Willoughby wrote about her marriage to Porter in an April 2017 post on her blog, saying she filed the protective order against Porter after he punched through the glass on their front door while she was locked inside, and that he once pulled her out of the shower to yell at her.
“He belittled my intelligence and destroyed my confidence,” she wrote.
Holderness told the Mail that Porter kicked, choked and punched her on separate occasions.
After releasing a statement Tuesday characterizing a Mail report as "a vile attack" and a "cynical campaign" against a "decent man," Hatch said in a statement Wednesday that he was “heartbroken” by the allegations.
“In every interaction I’ve had with Rob, he has been courteous, professional and respectful. My staff loved him and he was a trusted adviser.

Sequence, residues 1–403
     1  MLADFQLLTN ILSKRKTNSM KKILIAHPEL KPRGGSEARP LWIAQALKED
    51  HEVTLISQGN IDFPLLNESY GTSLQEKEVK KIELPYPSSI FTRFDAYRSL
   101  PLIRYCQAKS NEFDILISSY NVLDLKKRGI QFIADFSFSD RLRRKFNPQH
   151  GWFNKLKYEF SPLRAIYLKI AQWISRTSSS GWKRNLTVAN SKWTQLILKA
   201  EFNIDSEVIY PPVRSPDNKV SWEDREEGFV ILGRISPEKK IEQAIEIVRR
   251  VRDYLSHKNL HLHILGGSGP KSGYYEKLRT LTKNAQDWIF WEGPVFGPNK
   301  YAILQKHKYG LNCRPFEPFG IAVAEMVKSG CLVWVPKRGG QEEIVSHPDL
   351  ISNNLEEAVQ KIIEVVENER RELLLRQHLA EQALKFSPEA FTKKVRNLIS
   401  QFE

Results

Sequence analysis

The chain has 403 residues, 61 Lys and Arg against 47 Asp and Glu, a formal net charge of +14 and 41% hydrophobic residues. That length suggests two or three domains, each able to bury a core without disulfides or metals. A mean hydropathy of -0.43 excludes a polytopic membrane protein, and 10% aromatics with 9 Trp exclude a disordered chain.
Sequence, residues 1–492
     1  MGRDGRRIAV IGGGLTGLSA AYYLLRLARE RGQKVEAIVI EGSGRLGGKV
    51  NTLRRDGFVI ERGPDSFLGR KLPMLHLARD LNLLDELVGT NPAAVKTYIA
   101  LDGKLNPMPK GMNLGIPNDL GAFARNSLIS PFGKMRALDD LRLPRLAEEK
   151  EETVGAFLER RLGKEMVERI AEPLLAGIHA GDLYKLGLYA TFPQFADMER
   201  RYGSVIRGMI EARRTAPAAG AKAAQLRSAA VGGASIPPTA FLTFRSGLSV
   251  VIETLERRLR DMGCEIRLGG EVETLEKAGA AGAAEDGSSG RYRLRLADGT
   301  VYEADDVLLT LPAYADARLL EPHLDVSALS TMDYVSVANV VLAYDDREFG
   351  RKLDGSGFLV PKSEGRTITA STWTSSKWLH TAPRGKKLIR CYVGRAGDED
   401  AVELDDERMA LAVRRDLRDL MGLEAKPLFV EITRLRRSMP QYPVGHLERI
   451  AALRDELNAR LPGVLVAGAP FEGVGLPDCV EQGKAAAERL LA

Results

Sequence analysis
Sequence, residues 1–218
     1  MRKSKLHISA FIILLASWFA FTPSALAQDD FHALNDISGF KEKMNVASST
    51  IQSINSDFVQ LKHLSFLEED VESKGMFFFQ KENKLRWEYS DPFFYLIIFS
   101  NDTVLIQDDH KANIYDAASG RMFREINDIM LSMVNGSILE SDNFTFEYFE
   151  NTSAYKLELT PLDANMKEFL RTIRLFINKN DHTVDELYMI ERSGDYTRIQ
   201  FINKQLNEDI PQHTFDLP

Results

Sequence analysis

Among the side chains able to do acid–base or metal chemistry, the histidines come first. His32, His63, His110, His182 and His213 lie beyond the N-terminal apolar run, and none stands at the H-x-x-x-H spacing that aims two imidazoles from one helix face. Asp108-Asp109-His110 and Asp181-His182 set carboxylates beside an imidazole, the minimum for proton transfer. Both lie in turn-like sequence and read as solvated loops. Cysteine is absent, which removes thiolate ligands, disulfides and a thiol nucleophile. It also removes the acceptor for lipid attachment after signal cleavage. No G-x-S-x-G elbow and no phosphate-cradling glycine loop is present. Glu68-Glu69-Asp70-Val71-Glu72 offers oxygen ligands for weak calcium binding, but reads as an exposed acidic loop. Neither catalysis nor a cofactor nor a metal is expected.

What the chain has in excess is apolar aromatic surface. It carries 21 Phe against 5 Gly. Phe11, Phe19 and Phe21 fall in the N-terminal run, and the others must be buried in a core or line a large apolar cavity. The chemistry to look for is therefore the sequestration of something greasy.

“I do not know the details of Rob’s personal life,” he continued. “Domestic violence in any form is abhorrent and unacceptable. I am praying for Rob and those involved.”
Hatch has appeared to have outsize influence with the president during Porter’s tenure. The senator, who recently announced that he wouldn’t run again in 2018, successfully pushed Trump to reduce the boundaries of Bears Ears and Grand Staircase national monuments.
Chambless said Hatch acquired that level of influence despite first backing Jeb Bush, then Marco Rubio, and then Ted Cruz for president. It couldn’t have hurt, he said, that “Hatch was able to position his person, his chief of staff, in the presidential office in the West Wing, controlling the paperwork.”